Where the senior leadership team are not be ‘on board’, not necessarily because they are against the idea but perhaps because they are focusing on what they see as other priorities, real change – or real lasting change – becomes much less likely to occur. It is therefore essential that senior leaders are helped to understand that getting the people issues right needs to be a very high priority.

8. Not getting employee buy in

Effective employee wellbeing initiatives are, of course very much in the interests of the staff (and managers). However, if communication about what is happening and why it is happening in relation to workplace wellbeing is not handled effectively, members of staff can fail to appreciate the benefits of what is being done and may feel that they are being offered an empty gesture. They may see proposed changes as tokenistic or as ways of avoiding the ‘real issues’.

9. Not communicating effectively

People who are not given the information that they need will feel devalued and disrespected (the opposite of wellbeing). And, of course, the other side of communication is listening. People who do not feel listened to will also feel devalued and disrespected.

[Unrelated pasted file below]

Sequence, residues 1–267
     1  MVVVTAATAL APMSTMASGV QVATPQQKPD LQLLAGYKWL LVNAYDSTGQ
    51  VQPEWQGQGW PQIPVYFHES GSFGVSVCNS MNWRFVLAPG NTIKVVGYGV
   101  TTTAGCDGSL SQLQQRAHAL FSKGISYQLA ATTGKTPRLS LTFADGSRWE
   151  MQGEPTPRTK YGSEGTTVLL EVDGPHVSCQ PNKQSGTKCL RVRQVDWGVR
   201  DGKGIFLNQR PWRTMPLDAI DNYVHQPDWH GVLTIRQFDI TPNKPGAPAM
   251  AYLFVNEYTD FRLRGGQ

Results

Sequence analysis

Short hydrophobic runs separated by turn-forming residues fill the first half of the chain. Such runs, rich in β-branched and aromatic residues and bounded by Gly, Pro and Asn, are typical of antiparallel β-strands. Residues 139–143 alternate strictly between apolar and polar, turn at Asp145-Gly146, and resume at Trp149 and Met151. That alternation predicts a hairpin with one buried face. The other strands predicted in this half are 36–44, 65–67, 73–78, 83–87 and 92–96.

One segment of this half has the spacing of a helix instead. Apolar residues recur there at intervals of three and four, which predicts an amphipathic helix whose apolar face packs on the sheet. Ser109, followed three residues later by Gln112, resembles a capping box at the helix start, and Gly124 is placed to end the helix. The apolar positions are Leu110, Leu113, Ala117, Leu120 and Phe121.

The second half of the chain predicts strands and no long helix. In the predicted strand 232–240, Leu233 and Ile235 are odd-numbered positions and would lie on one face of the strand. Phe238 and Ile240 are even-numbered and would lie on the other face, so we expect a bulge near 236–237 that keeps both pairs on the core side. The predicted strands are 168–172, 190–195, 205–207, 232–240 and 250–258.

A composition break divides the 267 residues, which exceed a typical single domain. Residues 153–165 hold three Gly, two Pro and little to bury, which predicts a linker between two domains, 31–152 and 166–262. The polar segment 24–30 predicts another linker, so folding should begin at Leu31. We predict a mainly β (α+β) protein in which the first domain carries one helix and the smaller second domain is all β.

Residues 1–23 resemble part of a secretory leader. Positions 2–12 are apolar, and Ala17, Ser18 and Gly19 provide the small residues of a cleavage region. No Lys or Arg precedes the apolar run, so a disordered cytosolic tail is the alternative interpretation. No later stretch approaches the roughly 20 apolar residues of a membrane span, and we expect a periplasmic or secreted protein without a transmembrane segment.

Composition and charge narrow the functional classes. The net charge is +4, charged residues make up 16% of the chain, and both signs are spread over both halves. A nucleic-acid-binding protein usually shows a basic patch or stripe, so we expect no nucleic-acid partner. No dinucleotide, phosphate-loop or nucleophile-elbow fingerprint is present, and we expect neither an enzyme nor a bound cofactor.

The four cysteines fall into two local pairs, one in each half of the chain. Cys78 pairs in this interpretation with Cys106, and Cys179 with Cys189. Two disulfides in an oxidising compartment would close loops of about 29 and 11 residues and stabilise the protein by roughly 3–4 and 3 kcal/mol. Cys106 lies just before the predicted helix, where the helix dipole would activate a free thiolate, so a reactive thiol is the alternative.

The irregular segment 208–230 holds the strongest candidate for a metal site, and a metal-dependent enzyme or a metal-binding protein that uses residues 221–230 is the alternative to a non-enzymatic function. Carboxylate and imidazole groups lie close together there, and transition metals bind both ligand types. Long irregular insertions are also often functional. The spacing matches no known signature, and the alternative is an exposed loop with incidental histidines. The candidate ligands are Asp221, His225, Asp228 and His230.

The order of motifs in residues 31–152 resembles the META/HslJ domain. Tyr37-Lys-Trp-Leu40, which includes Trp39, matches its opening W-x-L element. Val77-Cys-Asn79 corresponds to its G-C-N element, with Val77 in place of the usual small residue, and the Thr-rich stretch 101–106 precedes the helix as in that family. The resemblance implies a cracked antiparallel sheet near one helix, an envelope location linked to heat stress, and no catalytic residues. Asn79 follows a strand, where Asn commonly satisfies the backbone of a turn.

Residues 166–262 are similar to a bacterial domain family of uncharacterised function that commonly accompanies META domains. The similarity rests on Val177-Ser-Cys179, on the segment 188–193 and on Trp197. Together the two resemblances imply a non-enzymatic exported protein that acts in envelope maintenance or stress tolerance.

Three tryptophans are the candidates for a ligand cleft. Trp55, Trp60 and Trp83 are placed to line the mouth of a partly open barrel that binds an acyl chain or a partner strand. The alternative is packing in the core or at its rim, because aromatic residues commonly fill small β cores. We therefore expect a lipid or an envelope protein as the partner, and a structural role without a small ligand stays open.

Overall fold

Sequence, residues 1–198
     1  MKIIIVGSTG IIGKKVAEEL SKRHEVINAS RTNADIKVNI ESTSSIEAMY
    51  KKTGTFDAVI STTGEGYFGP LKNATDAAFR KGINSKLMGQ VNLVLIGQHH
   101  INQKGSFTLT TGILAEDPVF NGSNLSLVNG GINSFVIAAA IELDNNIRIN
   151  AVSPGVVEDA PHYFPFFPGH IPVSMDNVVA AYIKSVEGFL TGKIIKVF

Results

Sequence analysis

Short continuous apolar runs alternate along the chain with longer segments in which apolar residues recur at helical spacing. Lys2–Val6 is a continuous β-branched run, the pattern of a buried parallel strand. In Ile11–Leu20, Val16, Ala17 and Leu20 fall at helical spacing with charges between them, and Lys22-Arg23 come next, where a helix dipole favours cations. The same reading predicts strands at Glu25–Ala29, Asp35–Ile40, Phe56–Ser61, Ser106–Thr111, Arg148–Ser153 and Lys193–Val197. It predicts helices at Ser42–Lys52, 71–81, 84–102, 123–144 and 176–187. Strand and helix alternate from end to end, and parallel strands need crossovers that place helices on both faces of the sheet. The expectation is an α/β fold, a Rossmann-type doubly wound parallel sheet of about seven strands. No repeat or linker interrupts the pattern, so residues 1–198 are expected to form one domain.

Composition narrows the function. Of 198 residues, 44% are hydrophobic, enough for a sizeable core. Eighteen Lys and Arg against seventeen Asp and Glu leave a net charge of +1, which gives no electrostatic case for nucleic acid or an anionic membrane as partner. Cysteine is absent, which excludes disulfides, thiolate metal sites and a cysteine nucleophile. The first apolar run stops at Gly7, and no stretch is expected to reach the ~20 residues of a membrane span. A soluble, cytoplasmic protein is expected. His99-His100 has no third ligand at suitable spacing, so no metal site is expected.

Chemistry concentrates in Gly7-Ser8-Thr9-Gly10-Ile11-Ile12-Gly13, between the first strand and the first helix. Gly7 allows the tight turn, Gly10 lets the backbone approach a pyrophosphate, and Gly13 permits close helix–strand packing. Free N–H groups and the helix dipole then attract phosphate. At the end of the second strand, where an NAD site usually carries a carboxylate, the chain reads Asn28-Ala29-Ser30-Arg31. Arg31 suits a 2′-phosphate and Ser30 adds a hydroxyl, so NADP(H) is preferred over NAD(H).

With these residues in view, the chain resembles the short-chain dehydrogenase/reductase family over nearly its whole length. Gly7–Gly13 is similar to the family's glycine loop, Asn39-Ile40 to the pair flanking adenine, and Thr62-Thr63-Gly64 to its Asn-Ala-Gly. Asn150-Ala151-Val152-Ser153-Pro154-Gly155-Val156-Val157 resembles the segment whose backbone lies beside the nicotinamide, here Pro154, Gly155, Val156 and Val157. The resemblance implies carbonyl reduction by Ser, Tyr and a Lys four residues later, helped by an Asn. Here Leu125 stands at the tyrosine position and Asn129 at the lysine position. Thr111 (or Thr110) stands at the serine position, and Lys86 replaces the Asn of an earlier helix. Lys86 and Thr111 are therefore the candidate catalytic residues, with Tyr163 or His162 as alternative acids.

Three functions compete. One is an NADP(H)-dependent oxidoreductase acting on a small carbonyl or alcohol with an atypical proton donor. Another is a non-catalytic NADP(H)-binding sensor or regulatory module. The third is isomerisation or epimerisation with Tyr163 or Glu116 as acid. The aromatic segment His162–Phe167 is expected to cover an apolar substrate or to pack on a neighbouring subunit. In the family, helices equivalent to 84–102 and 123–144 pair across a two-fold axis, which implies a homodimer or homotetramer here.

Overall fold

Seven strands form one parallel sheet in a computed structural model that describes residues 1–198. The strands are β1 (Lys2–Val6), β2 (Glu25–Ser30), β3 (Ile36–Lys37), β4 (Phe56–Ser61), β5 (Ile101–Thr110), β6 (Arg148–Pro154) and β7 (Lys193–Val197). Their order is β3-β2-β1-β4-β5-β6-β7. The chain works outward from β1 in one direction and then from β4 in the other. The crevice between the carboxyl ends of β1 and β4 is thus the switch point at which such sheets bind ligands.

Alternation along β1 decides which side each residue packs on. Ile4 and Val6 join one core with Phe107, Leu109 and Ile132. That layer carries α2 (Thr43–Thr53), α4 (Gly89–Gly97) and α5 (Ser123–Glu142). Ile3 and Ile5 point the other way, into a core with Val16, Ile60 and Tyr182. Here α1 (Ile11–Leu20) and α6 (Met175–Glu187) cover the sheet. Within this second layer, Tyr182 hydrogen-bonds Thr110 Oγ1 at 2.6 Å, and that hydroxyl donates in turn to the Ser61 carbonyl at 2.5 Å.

10. Not addressing culture

Organisational culture is a hugely powerful influence on people’s thoughts, feelings, actions and interactions. A key part of effective leadership is being able to shape the culture in a positive direction, and this applies just as much to health and wellbeing issues as it does to any other aspect of organisational life. Does your culture support or hinder what you are trying to do?

These are, of course, not the only pitfalls to avoid, but they should be sufficient to make it clear that the issues involved need to be given very careful consideration if significant – potentially very damaging – mistakes are to be avoided.

Dr Neil Thompson is a well-published author and highly respected educator and consultant. He is currently the Vice-President of Vigoroom UK, an extensive sophisticated wellness platform geared towards maximising employee engagement by helping employees to achieve optimal health and wellbeing outcomes (www.vigoroom.co.uk). 

He holds a higher doctorate (DLitt) in wellbeing. His latest book is People Skills (5th edn, Red Globe Press). His website is at www.NeilThompson.info.